MMT is making a stab at it from a fresh angle. Generally speaking, macroeconomists accept the trifecta of growth, employment and price stability. This trifecta states that only two factors can be achieved simultaneously. MMT purports to show how all three can be reconciled if moderate inflation is accepted rather than a constant price level.

      Presently, monetary policy aims at low to moderate inflation, but it uses employment as a tool to target the desired inflation rate. That results in a buffer stock of unemployed. The MMT JG replaces the buffer stock of unemployed with a buffer stock of employed.


      • David Chester says:

        Tom: We are beginning to agree on certain matters especially on the LVT issue although I still contend that nowhere in MMT does its nature appear. As shown below this and other ways of taxation contain a large number of implications, which the Treasury should be taking into account by simulation and forecasting (but about which they probably haven’t a clue)..

        The idea of governmental fiscal control through a combination of less regular taxing plus less injecting of new money into the system through the banks, suggests that it is the secondary effects of taxation which are of the greatest significance to national progress. This also implies that when Pres.Trump promises lower taxes, he should also be saying that banks simultaneously will not be allowed so much freedom in giving (“thin-air” money) loans, but that nvestment in bonds will be raised along with the national debt.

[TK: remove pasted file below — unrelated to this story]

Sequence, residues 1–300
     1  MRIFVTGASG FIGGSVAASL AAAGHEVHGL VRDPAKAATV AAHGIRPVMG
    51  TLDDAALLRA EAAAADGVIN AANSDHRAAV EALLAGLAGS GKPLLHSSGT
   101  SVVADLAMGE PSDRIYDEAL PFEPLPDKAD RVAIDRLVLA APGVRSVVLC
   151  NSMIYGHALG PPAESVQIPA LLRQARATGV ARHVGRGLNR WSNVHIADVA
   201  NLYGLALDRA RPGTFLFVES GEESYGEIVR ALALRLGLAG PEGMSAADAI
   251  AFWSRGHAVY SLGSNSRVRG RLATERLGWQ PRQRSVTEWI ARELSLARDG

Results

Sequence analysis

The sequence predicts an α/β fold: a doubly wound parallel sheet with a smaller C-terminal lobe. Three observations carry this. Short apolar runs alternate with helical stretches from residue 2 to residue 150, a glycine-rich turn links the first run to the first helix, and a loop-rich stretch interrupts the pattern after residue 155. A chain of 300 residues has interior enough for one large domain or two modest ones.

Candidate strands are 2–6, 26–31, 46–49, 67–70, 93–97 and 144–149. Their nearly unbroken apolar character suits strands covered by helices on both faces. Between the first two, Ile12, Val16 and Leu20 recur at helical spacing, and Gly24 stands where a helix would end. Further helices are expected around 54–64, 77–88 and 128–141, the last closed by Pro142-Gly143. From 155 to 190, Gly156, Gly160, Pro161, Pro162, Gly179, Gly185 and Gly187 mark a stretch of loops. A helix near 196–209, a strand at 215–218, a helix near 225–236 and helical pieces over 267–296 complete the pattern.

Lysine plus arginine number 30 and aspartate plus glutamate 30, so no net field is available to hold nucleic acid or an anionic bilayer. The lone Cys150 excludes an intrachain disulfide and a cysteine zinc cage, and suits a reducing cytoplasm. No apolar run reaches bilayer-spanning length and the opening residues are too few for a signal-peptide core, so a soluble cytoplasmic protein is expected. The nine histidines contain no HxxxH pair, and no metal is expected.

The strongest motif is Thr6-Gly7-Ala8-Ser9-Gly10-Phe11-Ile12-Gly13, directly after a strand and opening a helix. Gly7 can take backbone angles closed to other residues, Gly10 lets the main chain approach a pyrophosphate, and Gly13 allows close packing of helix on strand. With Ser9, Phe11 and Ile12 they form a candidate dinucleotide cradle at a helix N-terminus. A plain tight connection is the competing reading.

The effect of the tax on land values has 17 different features on the whole system which are listed below.

        Four Advantages for Government:
        1. LVT, adds to the national income as do other taxation systems, but it should replace them. The author has shown in REF.1, that taxation of any kind is beneficial to the country as a whole due to its income providing for more work too, but that when the tax applies to land the topology and spread of its effects are about 3 times as beneficial as when the same amounts of income are taken.
        2. The cost of collecting the LVT is less than for all of the production-related taxes–tax avoidance becomes impossible because the sites are visible to all and who owns each is public knowledge. The army of tax collectors who are opposing a similar set of lawyers, are no longer busy with tax loop-holes in the law, so the number of people more productively employed will grow and the penalty on the country of having complicated taxation is less.
        3. Consumers pay less for their purchases due to lower production costs (see below). They can buy more goods and enjoy a raised standard of living. This creates greater satisfaction with the management of national affairs and more prosperity.